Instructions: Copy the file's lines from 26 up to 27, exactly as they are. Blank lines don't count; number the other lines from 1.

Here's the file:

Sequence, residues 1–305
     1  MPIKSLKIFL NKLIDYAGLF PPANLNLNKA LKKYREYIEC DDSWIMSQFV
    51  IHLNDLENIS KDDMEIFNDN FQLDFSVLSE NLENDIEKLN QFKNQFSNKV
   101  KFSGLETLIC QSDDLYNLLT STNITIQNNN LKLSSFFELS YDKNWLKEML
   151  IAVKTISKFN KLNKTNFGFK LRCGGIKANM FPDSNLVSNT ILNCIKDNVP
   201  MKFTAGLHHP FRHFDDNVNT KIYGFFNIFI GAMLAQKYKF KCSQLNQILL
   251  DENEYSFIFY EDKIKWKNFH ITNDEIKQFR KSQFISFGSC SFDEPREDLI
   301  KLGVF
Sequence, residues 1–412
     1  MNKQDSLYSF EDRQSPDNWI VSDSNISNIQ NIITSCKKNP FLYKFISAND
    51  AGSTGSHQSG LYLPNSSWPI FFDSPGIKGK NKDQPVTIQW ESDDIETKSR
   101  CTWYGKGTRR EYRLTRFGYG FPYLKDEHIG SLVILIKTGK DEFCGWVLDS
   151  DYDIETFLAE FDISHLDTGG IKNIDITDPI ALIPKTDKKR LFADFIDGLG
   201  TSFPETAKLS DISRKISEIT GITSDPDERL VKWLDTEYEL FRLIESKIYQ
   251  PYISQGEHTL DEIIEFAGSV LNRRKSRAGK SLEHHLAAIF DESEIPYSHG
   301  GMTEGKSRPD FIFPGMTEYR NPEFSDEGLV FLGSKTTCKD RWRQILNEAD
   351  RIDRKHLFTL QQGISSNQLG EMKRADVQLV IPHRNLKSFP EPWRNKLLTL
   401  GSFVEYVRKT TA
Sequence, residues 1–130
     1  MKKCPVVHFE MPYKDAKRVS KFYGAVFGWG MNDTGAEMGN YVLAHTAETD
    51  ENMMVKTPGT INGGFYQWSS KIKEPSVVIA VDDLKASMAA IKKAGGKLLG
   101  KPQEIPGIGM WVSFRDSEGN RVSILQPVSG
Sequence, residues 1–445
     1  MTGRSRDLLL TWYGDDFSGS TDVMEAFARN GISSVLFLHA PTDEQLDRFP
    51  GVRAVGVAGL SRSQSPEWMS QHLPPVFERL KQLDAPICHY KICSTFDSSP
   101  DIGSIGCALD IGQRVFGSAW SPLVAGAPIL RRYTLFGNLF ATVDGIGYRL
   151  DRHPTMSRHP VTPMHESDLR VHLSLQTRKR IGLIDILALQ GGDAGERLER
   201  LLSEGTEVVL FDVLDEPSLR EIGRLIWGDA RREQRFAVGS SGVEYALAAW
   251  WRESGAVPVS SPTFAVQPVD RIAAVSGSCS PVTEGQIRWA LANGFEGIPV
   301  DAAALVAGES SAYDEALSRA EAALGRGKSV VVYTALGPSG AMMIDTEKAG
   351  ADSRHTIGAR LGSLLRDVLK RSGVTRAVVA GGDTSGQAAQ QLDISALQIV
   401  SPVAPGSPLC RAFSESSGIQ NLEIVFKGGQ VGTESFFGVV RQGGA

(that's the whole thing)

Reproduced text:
   101  DIGSIGCALD IGQRVFGSAW SPLVAGAPIL RRYTLFGNLF ATVDGIGYRL
   151  DRHPTMSRHP VTPMHESDLR VHLSLQTRKR IGLIDILALQ GGDAGERLER